Walgreens Pharmacist REFUSES Prescription To Pregnant Woman For “Ethical” Reasons

Should pharmacists be required to fill ALL prescriptions?


There’s online outrage against Walgreens after an Arizona pharmacist refused to fill a prescription for a medical abortion due to his own ethical concerns.

When she was nine weeks pregnant, Nicole Arteaga got some devastating news. The fetus she was carrying had no heartbeat, and she was going to have another miscarriage.

She was given the choice to either undergo a surgical procedure to remove the fetus from her uterus, or to take prescription Misoprostol to abort the failed pregnancy. She dropped off the prescription at Walgreens, and received an email that night that it was ready.

However when she went to pick up the prescription, the pharmacist refused to give it to her. Devastated, she left Walgreen’s and posted to Facebook.

She wrote: “I stood at the mercy of this pharmacist explaining my situation in front of my 7 year old, and five customers standing behind only to be denied because of his ethical beliefs. I get it we all have our beliefs. But what he failed to understand is this isn’t the situation I had hoped for, this isn’t something I wanted.”

Arteaga’s Facebook post went viral and has been shared over 40,000 times. In an interview with CNN, Arteaga said the pharmacist told her to either come back the following day or that he could try to fill the prescription at another Walgreens.

She later updated her Facebook post that the pharmacist had had her prescription transferred to another Walgreens, where she was able to pick it up without issue.

This, apparently, is consistent with Walgreens’ official policy.

Walgreens tweeted:

So, while the pharmacist didn’t break any Walgreens policies, the emotional trauma inflicted on Arteaga was significant, and many online agreed and expressed their outrage.


Here’s the problem with that, though. In Arizona, where this incident happened, what the pharmacist did was perfectly legal. Five other states are like Arizona in allowing pharmacists to refuse to fill prescriptions due to religious beliefs and aren’t required to refer the patient to a pharmacy that will. In seven states, including Texas and New York, pharmacists don’t have to fill a prescription but they must refer you to someone who will.

These states say you have a right to “step away” but not to “step between” or obstruct a patient from acquiring their medicine. Then there are eight states, including California and Illinois, where pharmacists must provide prescribed medication, regardless of one’s ethical or religious beliefs.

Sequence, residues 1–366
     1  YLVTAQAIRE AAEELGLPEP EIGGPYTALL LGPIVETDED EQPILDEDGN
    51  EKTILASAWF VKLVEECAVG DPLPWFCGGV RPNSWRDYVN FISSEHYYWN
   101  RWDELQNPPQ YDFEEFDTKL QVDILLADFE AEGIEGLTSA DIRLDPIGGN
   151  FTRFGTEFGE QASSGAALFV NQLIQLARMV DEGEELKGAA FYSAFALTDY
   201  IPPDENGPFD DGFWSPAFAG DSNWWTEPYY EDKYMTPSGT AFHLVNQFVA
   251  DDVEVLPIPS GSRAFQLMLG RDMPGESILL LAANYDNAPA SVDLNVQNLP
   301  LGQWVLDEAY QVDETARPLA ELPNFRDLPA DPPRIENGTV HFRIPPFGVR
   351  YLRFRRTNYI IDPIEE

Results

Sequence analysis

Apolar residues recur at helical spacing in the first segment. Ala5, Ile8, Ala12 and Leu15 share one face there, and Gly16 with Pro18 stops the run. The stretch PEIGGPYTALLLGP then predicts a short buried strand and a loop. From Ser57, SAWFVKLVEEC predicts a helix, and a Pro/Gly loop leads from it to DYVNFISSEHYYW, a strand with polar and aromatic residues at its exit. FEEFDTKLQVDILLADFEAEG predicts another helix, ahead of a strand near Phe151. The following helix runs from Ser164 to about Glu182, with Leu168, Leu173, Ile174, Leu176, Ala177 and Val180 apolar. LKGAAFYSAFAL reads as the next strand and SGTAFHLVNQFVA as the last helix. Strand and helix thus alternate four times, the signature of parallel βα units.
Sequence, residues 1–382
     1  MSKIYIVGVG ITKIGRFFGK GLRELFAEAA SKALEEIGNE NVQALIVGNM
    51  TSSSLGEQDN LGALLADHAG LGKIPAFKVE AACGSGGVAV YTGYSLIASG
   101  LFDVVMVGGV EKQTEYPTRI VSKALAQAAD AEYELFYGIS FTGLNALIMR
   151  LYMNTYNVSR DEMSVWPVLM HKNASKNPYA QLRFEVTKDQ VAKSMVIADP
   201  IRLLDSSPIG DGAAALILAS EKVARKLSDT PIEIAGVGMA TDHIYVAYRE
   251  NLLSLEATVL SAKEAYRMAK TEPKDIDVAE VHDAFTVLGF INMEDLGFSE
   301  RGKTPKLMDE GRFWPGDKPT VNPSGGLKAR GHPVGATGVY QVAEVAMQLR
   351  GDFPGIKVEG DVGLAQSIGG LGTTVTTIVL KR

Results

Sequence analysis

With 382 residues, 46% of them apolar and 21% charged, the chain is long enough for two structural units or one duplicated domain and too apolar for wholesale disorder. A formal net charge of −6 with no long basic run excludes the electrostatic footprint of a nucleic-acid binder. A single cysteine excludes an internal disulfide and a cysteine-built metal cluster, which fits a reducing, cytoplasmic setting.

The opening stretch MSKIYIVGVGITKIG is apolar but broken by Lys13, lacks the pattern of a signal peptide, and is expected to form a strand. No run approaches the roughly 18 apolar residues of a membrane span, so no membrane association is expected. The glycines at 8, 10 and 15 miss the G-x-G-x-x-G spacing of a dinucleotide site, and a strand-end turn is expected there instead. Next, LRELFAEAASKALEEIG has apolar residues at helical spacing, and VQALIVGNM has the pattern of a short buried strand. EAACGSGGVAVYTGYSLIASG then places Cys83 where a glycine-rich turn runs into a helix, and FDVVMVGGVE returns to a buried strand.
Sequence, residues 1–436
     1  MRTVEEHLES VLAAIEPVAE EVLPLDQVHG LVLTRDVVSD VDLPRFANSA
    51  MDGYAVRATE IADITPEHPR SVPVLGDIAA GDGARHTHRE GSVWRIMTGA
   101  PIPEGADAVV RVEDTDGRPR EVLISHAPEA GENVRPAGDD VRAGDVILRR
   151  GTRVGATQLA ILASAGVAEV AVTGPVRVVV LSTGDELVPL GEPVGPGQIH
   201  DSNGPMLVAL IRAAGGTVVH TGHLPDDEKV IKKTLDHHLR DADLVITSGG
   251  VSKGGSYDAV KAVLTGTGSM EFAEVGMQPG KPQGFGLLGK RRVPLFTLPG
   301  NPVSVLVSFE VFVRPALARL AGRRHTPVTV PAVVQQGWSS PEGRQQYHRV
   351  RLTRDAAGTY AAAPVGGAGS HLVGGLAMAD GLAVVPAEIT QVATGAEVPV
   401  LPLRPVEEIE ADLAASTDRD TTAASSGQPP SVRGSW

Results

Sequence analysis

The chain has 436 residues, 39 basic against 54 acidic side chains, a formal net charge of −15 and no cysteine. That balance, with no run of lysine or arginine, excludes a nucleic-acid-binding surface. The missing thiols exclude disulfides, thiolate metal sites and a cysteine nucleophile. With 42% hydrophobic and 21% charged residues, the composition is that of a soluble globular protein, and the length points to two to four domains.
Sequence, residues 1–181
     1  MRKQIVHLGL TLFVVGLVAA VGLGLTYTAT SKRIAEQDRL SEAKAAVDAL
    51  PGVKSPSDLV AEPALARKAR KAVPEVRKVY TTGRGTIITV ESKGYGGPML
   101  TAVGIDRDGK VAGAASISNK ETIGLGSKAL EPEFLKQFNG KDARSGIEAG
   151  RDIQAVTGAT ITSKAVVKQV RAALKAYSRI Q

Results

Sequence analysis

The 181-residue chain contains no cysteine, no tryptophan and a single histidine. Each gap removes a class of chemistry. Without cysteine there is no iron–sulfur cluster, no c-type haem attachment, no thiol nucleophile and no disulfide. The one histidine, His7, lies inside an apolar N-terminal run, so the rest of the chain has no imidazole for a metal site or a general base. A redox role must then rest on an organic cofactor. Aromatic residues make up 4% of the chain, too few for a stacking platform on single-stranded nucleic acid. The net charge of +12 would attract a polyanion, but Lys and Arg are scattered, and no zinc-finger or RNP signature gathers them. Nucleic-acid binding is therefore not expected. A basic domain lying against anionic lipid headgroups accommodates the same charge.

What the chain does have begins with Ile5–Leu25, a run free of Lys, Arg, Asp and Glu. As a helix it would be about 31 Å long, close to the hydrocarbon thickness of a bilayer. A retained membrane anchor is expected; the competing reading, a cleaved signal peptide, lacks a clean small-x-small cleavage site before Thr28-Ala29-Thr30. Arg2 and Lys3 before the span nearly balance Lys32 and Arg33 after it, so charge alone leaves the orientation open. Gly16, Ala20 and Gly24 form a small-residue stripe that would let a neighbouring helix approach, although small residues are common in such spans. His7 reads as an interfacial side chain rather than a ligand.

The idea there is, basically, “It’s your job, get over it!”

And then there’s every other state which has no law at all – and a private company is basically able to set its own rules.

This debate has been going on in the U.S. for a long time. In 2012, an Oklahoma doctor refused to provide emergency contraception to a rape victim. In Georgia in 2015, a woman was prescribed Misoprostal because of an impending miscarriage, and the Walmart pharmacist wouldn’t fill it.

Now, there is no federal law on the books on this issue. That’s because in 2016, the Supreme Court declined to hear a case from a Washington state pharmacy that claimed it violated its religious freedom to be required to carry emergency contraception.

But there’s evidence that the current Supreme Court would be more amenable to hearing this case.

Just on Tuesday, they ruled 5-4 in favor of the right of anti-abortion “crisis pregnancy” centers to not disclose that they are not medical professionals, and ruled that states can’t force such locations to provide information about legal abortions.

The ruling was condemned by women’s health groups, including the National Women’s Law Center, which called it “devastating,” and said it “will make access to full reproductive health care more difficult.”

As far as Arteaga’s story goes, she’s filed a complaint with the Arizona Board of Pharmacy, and she hopes the law can be changed to better provide for people in her situation.

What do you guys think? Should there be a federal law one way or the other on this issue? Let us know in the comments or on Twitter at @WhatsTrending.